We have a locally owned, union grocery within 5 minutes on bicycle. I don't shop anywhere else unless they are out of something I really need. My shopping for meat is based on what is on sale, produce comes mostly from the garden - tonight we need something to go with kohlrabi - and shopping daily or every other day as I did in Europe practically guarantees no waste because I purchase only what I need for a short period. Just acting on a nice social invitation when you have something perishable planned for dinner weighs heavily on the grocery budget.

Meanwhile you can make suggestions to the owners that would not cost them a lot up front.


AND NEVER discount the gossip and general local information gleaned at that small local shop - that's something I haven't ever recovered coming back to the US. My Piggly Wiggly is just a bit too large for that.

Caroline's picture
Joined: 06/09/2009
I always shop locally if I

I always shop locally if I can. Its getting harder and harder to do with all the big chain stores, but if you don't support local businesses you end up with a dreadful lack of choice.

The two major supermarkets close to me are sooooo busy dictating what we should buy, I can no longer get the brands I prefer to buy. I am stuck with the generic brands these supermarkets produce and  promote.

Be grateful you do have an alternative. The owner of my local independent store has degraded it badly with out of date produce, and junk foods, so that I now have to travel to the other side of town to do my shopping if I want any choice, and to get the low fat, low salt options I use. Since my driving days are limited, I am shortly going to be stuck with using the big chains, and I am not looking forward to it.

EvaHall's picture
Joined: 04/11/2010
Here  in Norway where I live

Here  in Norway where I live we have nothing but chain stores, but of course some are more local than others. I have always done my shopping in more than one store, because they have different advantages. I buy my vegetables where they are best in quality and variety, and I buy dieries where they are cheapest, because anyway they are the same. Often the choice of store is decided by the fact that I need to buy glutenfree products, so I have to go where I find that.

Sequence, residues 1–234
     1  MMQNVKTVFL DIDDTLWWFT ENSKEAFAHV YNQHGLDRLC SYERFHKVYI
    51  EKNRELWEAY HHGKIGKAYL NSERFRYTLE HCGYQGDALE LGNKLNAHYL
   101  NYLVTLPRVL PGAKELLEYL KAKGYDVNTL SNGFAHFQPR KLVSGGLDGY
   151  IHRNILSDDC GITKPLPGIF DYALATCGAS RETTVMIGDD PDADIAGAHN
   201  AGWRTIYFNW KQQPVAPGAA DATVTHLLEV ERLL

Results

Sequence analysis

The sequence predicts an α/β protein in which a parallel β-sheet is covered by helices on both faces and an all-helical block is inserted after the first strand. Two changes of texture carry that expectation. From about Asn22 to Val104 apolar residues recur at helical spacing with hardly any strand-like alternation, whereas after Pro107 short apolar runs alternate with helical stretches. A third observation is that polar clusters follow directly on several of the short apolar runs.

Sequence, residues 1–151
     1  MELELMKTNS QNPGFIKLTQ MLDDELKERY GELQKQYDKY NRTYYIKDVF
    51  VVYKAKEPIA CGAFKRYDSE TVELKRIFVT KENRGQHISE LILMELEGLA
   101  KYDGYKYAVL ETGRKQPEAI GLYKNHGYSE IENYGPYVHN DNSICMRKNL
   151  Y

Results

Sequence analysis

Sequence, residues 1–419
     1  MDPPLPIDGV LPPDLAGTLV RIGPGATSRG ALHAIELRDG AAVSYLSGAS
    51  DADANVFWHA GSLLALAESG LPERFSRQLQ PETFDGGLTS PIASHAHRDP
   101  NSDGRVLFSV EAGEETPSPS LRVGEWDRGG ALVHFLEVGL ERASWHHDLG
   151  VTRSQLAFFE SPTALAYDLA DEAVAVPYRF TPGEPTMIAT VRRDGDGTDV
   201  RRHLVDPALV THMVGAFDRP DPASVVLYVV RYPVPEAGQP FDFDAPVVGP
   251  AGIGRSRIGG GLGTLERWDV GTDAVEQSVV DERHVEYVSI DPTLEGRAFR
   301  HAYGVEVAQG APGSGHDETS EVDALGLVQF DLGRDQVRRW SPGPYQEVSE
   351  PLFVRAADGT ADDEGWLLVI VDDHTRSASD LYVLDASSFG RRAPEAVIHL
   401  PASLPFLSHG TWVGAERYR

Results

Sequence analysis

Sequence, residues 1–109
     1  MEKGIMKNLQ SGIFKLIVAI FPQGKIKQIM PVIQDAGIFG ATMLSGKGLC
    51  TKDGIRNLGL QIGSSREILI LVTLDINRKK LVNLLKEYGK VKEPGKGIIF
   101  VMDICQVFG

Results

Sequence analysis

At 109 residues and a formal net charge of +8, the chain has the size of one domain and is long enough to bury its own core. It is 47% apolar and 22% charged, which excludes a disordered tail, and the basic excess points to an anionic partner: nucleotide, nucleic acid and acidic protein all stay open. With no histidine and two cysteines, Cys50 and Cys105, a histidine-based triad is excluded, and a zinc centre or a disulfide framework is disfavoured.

So what I want to say is that it is not necessary to choose between stores, you can do your shopping both places and have the advantages of both.

Claudia Segal's picture
Joined: 05/13/2009
For me, it goes beyond the

For me, it goes beyond the choice of small, local grocer vs. large chain store.  It applies to so many situations these days.  Those shops and businesses that are struggling are the small, independent people who are doing their job because they have a passion for it. 

Another example of this:  up the road a few miles is Dancing Leaf Farm, a small, independent yarn shop with hand dyed yarns that are lovely.  I would sooner purchase yarn from Dalis at Dancing Leaf than Berrocco yarns even though, in some cases, they offer very similar yarns and Berroco is less expensive.  Dalis dyes and sells yarn because she is passionate about her work.  I don't believe Berroco cares if they lose me as a customer.

I want to work with and spend my money with someone who has a feel for what they are doing.  Not someone who is doing it because everyone is buying hand dyed yarns.  I believe those businesses/shops/internet sites who are there because they have a passion or a true interest in their work are the ones we should support.  Not the large commercial chain/business/website that is in business to make big money.